ORRVILLE, Ohio - As "God Bless the USA" echoed through his rural church, Pastor Jerry O'Brien geared up for a sermon of sorts about politics in America.
Today's church is too disengaged, said O'Brien, who leads Faith Harvest Fellowship in Orrville. He said Christians don't know enough about elections or the politicians who seek to represent them.
"We need to inform our people, or the spirit of fear is going to continue to wreak havoc throughout our churches," O'Brien said.
Enter Josh Mandel.
The former Ohio treasurer visited Faith Harvest Fellowship recently to make his pitch for U.S. Senate, the latest in a series of campaign stops at churches across the state. Mandel uses these events to preach his own gospel, one that's anti-abortion, pro-gun and gives oxygen to debunked claims about the 2020 election.
At the heart of it all, he says, are Judeo-Christian values that will guide his decisions in Washington if he's elected.
"I believe the only place in which we’re going to win back the hearts and minds of our kids and save the country is in churches, and that’s why I’m running my campaign through churches," Mandel, who is Jewish, said in an interview.
Although he's made it a hallmark of his campaign, Mandel isn't the only U.S. Senate candidate using religion to connect with Republican voters. And Ohio's evangelical base, which helped send former President Donald Trump to the White House, is now looking for a new warrior in Washington.
"God help our country," said Jean Wood, of Wooster. "Democrats are just leading us down a bad hole. It's so sad."
Rise of white evangelism
Evangelicals are one of the most prominent religious groups in Ohio, especially among political conservatives.
According to the Pew Research Center, 29% of all Ohioans and 39% of Republicans consider themselves evangelical Protestants. They're dispersed throughout the state, which gives them a strong voice in elections and significant influence in Republican politics, said Kimberly Conger, a professor at the University of Cincinnati.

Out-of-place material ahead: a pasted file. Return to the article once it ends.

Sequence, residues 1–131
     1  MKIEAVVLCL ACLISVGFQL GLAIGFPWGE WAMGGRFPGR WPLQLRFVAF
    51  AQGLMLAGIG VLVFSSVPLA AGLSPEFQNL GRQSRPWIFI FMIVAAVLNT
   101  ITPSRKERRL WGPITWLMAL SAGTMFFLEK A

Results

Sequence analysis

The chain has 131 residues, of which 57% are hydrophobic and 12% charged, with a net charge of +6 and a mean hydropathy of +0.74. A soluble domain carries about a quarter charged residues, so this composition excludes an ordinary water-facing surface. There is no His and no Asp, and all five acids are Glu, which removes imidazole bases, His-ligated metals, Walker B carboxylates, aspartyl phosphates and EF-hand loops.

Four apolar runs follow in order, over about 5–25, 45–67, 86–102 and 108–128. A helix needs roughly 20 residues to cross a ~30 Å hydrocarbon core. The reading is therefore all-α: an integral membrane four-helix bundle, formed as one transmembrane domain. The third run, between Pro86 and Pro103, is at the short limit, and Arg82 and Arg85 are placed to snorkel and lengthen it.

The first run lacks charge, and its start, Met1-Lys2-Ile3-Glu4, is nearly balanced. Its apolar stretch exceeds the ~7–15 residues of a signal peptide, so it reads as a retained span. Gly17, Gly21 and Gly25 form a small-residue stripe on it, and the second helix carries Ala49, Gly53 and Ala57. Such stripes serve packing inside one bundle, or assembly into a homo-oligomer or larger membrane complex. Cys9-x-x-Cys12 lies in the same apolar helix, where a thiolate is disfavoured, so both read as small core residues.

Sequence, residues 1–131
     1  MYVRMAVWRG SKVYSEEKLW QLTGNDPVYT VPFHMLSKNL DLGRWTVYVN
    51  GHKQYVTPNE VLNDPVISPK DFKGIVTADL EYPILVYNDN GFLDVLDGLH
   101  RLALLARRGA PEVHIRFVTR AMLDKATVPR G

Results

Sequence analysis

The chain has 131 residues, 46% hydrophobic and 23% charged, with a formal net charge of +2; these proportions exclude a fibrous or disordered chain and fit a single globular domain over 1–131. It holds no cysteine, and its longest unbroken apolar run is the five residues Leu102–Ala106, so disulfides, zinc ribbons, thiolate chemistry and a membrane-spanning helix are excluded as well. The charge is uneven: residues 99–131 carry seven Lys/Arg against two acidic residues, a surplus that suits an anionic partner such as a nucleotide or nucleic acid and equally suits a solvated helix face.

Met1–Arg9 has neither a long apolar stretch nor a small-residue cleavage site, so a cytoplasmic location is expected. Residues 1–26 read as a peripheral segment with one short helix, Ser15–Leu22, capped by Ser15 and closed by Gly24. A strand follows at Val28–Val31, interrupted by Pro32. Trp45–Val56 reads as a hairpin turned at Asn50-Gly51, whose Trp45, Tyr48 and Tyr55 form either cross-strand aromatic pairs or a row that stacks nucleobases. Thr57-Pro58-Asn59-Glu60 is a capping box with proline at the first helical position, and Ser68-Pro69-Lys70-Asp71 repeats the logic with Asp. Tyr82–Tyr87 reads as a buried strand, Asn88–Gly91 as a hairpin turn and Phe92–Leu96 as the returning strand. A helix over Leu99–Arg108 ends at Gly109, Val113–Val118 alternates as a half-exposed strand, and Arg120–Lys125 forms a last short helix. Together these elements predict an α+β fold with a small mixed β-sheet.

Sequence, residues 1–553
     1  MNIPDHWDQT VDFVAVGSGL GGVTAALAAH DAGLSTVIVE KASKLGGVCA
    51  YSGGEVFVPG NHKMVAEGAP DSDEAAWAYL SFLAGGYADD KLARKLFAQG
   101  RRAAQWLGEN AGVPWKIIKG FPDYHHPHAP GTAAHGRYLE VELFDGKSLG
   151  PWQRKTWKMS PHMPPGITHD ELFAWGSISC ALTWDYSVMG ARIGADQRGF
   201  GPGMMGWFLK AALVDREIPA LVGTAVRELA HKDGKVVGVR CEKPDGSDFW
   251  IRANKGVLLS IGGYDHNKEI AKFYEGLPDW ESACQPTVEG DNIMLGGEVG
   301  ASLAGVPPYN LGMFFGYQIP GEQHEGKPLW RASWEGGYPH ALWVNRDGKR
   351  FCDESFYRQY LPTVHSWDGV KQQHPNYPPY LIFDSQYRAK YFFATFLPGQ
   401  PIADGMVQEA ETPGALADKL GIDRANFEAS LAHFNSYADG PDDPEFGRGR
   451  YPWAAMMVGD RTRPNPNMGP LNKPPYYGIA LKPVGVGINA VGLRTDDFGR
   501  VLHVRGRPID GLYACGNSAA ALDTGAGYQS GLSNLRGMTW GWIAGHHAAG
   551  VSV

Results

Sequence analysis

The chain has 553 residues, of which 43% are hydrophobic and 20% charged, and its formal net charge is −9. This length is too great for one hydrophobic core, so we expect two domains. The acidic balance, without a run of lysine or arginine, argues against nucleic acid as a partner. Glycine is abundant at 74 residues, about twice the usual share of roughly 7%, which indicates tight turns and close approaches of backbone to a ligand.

Meanwhile, 19% of Democrats in Ohio identify as evangelical Protestants and 64% are Christians.
Conger said evangelicals began to make their mark on the GOP decades ago, and they went into George W. Bush's presidency satisfied with his values and plans for the country. But 9/11 disrupted Bush's domestic agenda and left that base itching for more — a discontent Trump seized upon.
As a result, a whopping 77% of white evangelical voters nationwide went for Trump in 2016, a survey from Pew found. Exit polls from the 2020 election analyzed by the New York Times estimated that 82% of white evangelicals or born-again Christians in Ohio cast ballots for Trump.
Research also shows that some white Americans who backed the former president began identifying as evangelical between the 2016 and 2020 elections.
"When you have a Biblical world view, your spiritual truths that anchor you are the most important thing," said Pastor JC Church, who leads Victory in Truth Ministries in Bucyrus. "It’s not the political as much as it’s the personal convictions and values."
White evangelicals were attracted to Trump's message that he would fight for the average person, Conger said. They feel embattled by a society with increasingly progressive views about abortion and same-sex marriage, and see issues like critical race theory as an attack on being American.